In recent years, Monstera plants have become a star of our Instagram and Pinterest feeds. This tall, tropical
plant, also known as the “swiss cheese plant”, has perforated leaves, a vibrant green color that
resembles its natural habitat in the jungle, and is well recognized as a house plant. But here in South Florida, we know this plant is as popular inside as out; we often find it anchoring landscapes.
There is so much to love about this plant. From its “delicious” sounding Latin name (Monstera deliciosa), to its iconic leaves, there’s something in it for everyone. What you may not realize, however, is this familiar plant also provides us a delicious fruit! Sometimes called “Fruit Salad Plant” because the fruit tastes a bit like just about every delicious tropical fruit that exists. Strawberry, banana, mango, guava, passion fruit, and pineapple are all flavors attributed to this fruit.
Enjoying Monstera deliciosa requires a special kind of patience. It takes at least 10 months for the fruit of the Monstera deliciosa to fully develop on the plant. So after nearly a year, that very exciting moment arrives: you get to pick the fruit. Time to enjoy it, right? Not so fast… at this point that’d be a bad idea; there is still some risk involved because if you eat it unripe, you’ll experience a burning in your mouth and throat.
So we must wait for the fruit to tell us its ready. When ripe, the scales on the outside start to loosen and will reveal the inside with very little human intervention. An unripe fruit hurts because it contains large amounts of calcium oxalate. The leaves also contain a great deal, so if you or your pets snack on monstera, it might lead to stomach cramps and diarrhea.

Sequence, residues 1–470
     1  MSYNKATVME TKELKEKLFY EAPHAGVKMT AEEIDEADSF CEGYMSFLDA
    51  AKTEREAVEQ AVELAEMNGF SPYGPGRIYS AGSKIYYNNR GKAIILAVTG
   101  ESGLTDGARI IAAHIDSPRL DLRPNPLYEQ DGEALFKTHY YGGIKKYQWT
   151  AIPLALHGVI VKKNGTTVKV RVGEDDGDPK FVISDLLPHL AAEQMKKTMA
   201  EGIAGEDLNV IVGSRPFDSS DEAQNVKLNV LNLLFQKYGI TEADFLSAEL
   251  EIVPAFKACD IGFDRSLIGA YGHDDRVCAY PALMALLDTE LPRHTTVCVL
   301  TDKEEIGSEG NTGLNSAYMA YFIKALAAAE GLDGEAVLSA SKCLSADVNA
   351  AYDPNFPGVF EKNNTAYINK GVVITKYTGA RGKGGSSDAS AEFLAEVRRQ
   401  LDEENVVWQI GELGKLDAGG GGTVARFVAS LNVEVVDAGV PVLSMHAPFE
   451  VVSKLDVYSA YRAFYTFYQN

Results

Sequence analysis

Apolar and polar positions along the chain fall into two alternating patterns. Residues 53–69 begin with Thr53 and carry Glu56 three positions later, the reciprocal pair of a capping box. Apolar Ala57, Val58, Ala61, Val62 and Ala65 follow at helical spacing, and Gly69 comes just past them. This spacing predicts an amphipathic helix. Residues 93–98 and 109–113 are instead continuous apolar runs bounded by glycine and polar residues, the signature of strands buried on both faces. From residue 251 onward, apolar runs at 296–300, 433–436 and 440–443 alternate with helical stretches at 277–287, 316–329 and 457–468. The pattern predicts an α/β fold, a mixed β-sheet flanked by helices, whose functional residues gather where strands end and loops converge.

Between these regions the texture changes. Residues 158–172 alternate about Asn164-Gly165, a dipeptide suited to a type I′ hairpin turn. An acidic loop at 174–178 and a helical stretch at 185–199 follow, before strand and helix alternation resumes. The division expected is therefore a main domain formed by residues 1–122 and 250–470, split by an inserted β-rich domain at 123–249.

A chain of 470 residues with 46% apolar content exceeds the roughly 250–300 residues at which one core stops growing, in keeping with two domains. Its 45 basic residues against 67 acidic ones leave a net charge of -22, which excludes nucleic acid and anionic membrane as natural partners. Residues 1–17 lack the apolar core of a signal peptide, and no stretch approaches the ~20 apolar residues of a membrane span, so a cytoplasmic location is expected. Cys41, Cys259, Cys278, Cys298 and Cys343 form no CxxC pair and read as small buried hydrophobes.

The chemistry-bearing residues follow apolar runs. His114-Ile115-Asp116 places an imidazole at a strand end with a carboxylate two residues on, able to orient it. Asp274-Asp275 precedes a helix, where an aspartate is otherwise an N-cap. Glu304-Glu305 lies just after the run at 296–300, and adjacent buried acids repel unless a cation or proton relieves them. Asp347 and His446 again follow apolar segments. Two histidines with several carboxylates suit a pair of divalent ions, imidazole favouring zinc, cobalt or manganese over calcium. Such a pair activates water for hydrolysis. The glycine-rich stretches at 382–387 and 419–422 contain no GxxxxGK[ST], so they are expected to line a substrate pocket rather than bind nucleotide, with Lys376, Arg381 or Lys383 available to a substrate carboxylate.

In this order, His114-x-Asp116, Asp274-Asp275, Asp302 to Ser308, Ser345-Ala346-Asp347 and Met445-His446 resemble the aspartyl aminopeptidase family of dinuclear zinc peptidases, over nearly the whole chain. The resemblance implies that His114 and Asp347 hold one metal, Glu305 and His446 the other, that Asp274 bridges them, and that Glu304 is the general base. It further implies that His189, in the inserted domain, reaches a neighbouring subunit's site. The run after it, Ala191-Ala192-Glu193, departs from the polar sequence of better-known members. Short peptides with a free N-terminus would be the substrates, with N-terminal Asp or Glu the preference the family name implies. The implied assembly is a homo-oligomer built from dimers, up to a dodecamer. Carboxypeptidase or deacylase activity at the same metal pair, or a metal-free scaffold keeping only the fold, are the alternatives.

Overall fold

The fruit looks a bit like an ear of corn, or a big cucumber coated with small pieces of green hexagonal
armor all over it. It resembles the result of some superhero-level radiation. But once you get into the meaty portion underneath the hard outer shell, it resembles a soft white pineapple with the texture of a sugar apple. It is a fibrous, gooey-textured fruit surrounding a hard, inedible middle core. The edible part separates a bit like corn kernels.
The fruit smells strongly of tropical sweetness, a very bright aroma. You will start to smell this exotic smell as the fruit ripens. The aroma continues to get stronger and more pungent as it gets closer to being fully ripe.
Once a section is wholly ripe, and the outer shell falls off easily, you can simply bite right into the fruit like you would an ear of corn. By ripening only an inch or two a day, this fruit moderates your consumption, naturally. But Monstera deliciosa is very low in calories, so that doesn’t need to be of concern. It’s also high in potassium and vitamin C, good for a healthy immune system.
When do monsteras fruit?
The Monstera deliciosa plant rarely produces fruit which contributes to its delicacy status. It will only flower and produce fruit in optimal conditions: a warm and humid environment, like a rainforest – or certain Miami-area yards, not so much in your living room. Under ideal conditions, it fruits in the fall and winter. So keep a look out; if you see a flower or fruit start to grow on your swiss cheese plant, guard it carefully. This fruit is a treasure that every rare fruit enthusiast should enjoy at least once in our lives.